FAA Investigating American Airlines Repairs To Its Fleet Of MD-80s - NewsOn6.com - Tulsa, OK - News, Weather, Video and Sports - KOTV.com |

FAA Investigating American Airlines Repairs To Its Fleet Of MD-80s

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A Federal Aviation Administration official, Lynn Lunsford, said Friday that the investigation centered on 16 planes. A Federal Aviation Administration official, Lynn Lunsford, said Friday that the investigation centered on 16 planes.

By Tara Vreeland, The News On 6

TULSA, OK -- Tulsa's largest employer, American Airlines is under investigation.  The FAA probe is focused on repairs to a fleet of older aircraft, the MD-80s. 

The Wall Street Journal reports that the carrier rushed to retire one of those planes to avoid inspection.  Aging airplanes are at the center of an investigation.

The Federal Aviation Administration is looking into repairs to the rear bulkhead of 16 American Airlines' MD-80 airplanes.

Airplanes expand and contract when the cabins are pressurized for takeoff and landing. This fatigues the metal which can leave the rear bulkheads in need of repairs.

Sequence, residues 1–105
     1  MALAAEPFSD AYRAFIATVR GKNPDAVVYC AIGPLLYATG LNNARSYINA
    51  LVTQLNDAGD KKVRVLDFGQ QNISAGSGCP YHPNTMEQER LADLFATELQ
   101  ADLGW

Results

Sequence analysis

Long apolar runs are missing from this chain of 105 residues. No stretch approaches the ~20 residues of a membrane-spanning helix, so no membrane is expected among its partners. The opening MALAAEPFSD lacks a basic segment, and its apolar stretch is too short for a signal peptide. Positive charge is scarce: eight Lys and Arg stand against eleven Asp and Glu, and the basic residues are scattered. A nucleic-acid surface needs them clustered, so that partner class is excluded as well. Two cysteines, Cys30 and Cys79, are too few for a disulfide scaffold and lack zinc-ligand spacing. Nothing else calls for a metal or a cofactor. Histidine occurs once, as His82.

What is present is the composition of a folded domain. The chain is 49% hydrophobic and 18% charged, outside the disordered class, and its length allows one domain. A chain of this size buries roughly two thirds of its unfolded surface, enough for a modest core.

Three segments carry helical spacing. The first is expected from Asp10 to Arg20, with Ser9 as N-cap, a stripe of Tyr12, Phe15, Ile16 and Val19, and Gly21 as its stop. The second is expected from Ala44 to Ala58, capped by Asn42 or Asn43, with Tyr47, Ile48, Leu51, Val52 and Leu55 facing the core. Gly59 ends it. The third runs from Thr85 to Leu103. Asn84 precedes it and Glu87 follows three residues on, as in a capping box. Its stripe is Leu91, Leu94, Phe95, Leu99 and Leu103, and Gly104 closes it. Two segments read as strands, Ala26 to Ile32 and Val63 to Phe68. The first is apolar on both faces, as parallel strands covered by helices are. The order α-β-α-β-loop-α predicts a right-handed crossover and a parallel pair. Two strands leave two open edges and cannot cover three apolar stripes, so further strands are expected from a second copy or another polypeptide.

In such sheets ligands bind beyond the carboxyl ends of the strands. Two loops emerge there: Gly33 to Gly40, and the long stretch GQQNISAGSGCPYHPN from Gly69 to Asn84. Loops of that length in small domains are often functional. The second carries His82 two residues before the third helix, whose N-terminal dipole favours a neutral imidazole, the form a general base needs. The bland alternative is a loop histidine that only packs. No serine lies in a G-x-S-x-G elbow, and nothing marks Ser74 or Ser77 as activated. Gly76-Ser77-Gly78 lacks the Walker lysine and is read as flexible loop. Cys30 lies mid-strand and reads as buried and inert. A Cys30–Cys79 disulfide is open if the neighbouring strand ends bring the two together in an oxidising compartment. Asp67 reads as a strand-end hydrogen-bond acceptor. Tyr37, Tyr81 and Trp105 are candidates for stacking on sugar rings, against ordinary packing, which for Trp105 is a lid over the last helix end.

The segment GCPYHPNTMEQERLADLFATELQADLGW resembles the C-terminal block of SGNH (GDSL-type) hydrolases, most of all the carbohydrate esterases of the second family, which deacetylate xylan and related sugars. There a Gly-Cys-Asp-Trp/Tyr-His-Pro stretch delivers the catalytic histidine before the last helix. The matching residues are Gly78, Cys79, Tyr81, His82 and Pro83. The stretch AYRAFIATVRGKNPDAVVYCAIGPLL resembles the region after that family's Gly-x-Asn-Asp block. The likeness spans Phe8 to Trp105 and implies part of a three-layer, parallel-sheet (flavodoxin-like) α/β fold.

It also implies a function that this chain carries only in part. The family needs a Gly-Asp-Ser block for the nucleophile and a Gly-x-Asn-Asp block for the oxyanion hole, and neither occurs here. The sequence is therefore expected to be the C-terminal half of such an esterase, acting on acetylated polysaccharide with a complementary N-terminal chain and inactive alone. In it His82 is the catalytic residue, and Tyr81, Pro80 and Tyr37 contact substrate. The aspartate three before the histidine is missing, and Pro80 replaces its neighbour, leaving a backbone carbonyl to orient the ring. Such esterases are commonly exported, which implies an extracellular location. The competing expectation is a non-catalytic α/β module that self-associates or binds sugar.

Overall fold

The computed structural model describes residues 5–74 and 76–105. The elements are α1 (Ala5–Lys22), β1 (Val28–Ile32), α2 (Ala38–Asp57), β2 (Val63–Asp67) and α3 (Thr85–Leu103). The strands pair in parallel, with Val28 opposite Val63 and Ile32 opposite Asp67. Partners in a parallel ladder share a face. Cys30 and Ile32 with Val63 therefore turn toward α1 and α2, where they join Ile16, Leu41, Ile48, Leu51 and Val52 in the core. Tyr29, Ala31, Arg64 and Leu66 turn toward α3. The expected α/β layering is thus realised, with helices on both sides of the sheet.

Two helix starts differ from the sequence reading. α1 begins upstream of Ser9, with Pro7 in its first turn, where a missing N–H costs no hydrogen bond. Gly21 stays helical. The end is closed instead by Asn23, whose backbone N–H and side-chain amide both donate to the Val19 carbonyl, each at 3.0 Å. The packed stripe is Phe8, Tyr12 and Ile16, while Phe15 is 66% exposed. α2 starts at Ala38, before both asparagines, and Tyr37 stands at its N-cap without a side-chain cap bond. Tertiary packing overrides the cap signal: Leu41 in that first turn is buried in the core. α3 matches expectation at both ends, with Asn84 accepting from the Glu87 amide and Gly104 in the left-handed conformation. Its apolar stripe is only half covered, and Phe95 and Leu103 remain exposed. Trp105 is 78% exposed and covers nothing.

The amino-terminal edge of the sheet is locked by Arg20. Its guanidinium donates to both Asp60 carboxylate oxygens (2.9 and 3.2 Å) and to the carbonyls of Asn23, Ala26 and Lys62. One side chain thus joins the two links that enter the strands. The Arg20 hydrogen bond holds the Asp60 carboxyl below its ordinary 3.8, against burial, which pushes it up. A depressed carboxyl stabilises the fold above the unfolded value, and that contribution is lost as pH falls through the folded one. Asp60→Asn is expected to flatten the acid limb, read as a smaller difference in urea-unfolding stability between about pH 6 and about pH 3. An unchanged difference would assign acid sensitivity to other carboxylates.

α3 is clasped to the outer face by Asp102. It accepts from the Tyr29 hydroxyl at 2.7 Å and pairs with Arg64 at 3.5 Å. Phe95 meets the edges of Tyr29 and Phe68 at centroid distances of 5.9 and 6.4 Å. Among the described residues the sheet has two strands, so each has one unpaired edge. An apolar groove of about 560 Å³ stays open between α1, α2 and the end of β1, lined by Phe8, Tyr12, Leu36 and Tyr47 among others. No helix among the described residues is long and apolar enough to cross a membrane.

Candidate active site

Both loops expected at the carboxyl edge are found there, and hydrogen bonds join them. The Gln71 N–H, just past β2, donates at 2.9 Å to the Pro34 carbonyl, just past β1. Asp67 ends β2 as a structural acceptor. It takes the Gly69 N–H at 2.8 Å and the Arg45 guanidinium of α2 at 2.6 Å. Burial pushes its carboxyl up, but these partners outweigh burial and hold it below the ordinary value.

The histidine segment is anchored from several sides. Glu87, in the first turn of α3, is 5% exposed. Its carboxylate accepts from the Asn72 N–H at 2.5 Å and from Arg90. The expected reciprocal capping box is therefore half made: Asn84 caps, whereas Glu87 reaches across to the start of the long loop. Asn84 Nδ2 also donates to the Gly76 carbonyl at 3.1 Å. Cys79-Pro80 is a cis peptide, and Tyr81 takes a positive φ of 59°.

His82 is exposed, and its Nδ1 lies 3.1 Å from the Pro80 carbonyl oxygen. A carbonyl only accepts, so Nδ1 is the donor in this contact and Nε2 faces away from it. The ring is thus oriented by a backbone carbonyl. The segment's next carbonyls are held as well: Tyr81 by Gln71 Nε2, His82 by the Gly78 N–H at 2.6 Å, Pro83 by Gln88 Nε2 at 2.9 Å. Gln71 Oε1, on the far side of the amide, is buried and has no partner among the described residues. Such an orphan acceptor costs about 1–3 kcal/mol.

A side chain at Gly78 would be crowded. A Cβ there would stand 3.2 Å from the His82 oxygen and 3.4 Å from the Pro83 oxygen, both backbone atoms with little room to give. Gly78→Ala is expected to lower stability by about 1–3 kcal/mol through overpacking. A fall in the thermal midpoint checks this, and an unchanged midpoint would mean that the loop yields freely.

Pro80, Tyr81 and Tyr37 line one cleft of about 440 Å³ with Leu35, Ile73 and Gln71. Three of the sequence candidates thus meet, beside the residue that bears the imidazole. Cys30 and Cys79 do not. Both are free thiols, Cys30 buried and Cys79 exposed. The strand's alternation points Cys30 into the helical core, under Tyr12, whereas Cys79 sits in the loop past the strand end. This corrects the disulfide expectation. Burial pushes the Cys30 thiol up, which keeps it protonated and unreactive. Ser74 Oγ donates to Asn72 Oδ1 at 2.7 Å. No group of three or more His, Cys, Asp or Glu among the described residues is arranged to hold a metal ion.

A Wall Street Journal report reveals the FAA's investigation led to suspicions that American retired a plane to keep it from inspection. 

However, American spokesman Roger Frizzel told the Associated Press that the plane was retired for economic reasons. 

The MD-80s are being phased out and replaced with new and more fuel efficient planes.  

As of May, American Airlines web site says it owns 270 MD-80 series jets or 44 percent of its fleet. 

Tim Wagner with American issued the following statement to The News On 6:

"The FAA has provided American Airlines the opportunity to respond to its investigation and we are in the process of doing so. American Airlines is following the FAA process provided for in its investigation, and we believe conversations outside of that process are inconsistent with FAA regulations.

"We believe the Wall Street Journal's unnamed source's allegations misrepresent the facts. The FAA has complete access to retired airplanes - and it exercises that access frequently. All airlines have the authority to make decisions regarding the retirement of individual aircraft based on economic and competitive factors."

He went on to say American believes the Wall Street Journal's unnamed source misrepresented the facts.

Wagner says the FAA has complete access to retired airplanes.

The Wall Street Journal also reported the FAA inspected jets that may have possibly flown for years with potentially improper fasteners and poorly repaired structural cracks. 

He said American discovered the problems and self reported that information to the FAA.

Wagner says American is responding to the FAA's investigation but he declined further comment.

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